Master of Science in Entomology


The department offers a strong curriculum and provides numerous professional opportunities for its students. This student-centered focus is reflected in the many awards received by the students and in their consistent placement in professional careers.

The Department of Entomology is part of the Institute of Agriculture and Natural Resources and is involved in research, teaching, and extension arenas. Department faculty are internationally recognized and work in both applied and basic entomology. The department has research sites across Nebraska and collaborative relationships with both domestic and international scientists and educators.

Prospective graduate students may contact our faculty members to see if the faculty person has graduate student openings in their labs. Students in the resident master's degree program are not admitted to the Entomology Department unless they have a faculty member who agrees to advise and provide assistantship funding to the candidate. 


Option A
  • Minimum 30 cr, including 20-24 cr of regular coursework. This option is better suited for on-campus students.
  • Thesis required, equivalent to 6-10 cr. At least half of the required work, including thesis, must be in one major subject.
  • Minor optional, at least 9 cr.
  • 8 cr, in addition to the thesis, must be in graduate-only courses.
Option B
  • Minimum 30 cr, a major. This option is better suited for online students
  • Project, but no thesis required.
  • Minor optional, at least 9 cr.
  • At least 15 of the 30 cr must be in graduate-only courses.
Quick Points
Colleges: College of Agricultural Sciences & Natural Resources

Graduate College
Degree: M.S. in Entomology

Graduate Chair: Tom Weissling

Graduate Coordinator: Kathy Schindler
Application Deadlines: Fall – July 15
Spring – Nov. 1
Summer – April 1

Check your application at

FAQ webpage:
Graduate Handbook: Entomology Graduate Handbook (pdf)
Entomology Courses: List of Graduate Courses
Graduate Student Club: Bruner Club

Entomologists are:

  • Growing Food– working with farmers to manage insect pests and protect crops while simultaneously protecting beneficial insects and the environment.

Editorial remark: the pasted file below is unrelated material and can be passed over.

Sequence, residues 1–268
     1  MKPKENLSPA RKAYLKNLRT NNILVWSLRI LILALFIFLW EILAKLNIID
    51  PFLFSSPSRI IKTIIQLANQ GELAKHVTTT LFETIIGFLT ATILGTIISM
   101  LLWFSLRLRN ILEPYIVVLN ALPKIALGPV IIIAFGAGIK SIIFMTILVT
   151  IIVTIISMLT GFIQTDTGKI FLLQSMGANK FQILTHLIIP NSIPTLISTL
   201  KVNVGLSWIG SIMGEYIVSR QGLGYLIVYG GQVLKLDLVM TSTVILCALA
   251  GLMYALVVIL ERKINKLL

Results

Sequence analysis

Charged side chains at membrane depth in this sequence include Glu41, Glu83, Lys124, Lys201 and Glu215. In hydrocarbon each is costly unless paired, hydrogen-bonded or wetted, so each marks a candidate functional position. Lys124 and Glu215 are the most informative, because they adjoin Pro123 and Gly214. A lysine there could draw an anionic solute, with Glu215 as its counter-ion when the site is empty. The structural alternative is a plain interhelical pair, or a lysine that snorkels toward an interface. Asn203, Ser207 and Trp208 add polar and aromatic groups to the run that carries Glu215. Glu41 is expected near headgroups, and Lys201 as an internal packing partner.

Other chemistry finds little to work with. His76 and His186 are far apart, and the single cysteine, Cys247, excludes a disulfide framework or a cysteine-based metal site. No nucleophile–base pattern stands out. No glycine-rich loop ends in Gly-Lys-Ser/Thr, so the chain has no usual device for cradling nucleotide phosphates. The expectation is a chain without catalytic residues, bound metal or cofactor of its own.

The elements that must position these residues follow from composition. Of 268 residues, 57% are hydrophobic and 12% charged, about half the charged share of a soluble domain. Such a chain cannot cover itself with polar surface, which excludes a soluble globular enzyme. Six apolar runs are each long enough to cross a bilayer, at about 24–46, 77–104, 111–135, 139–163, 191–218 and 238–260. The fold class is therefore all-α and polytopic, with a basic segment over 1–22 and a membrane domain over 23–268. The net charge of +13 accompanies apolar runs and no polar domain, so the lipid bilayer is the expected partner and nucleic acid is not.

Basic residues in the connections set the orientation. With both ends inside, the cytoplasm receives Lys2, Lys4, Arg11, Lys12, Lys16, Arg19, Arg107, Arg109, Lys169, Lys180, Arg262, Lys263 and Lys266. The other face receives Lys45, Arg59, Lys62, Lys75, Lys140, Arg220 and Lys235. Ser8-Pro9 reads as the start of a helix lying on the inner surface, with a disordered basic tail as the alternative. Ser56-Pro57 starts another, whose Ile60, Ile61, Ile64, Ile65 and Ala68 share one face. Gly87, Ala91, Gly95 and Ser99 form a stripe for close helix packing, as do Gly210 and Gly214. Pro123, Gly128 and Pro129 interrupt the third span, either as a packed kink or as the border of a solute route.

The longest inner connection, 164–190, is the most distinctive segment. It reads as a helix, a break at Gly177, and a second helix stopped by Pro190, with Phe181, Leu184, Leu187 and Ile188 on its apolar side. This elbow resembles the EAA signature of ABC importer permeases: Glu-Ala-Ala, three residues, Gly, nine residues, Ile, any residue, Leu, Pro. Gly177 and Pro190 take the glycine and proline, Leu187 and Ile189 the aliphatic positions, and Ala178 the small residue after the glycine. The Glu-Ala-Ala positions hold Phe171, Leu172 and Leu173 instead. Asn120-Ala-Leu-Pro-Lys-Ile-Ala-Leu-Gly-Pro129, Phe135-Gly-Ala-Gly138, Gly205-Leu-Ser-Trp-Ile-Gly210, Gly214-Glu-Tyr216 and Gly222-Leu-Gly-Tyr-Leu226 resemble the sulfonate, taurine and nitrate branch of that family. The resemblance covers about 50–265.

• Saving Lives – finding ways to prevent insects from spreading diseases and helping to discover new medicines and treatments.
  • Helping Animals – working with zookeepers, ranchers, forest rangers, and veterinarians to help them protect animals from dangerous insects.
  • Understanding Nature – studying insects in their roles in the environment, such as pollinators, decomposers, parasites, predators, and sources of food for other animals.
  • Discovering Species – finding new species allows us to better understand insect evolution, biodiversity, and the role of insects in nature.
  • Saving our Forests – studying insects that harm wild plants and forests and ways to prevent and control them.
  • Fighting Crime – examining bodies to find insects that may give clues to the time of death, and whether the body has been moved since then.
  • Protecting the Quality of Life – Entomologists help us keep our homes, schools, hospitals, and recreational areas free of pests.

Career Outlook

Almost 50% of our graduates go on for advanced degrees.

  • Science Teacher*
  • Scientist*
  • Marketing Specialist
  • Extension Educator*
  • Navy Medical Entomologist*
  • Research Technician
  • Insect Zoo Coordinator,
  • Dept. of Health and Human Services
  • Medical School*
*After graduate school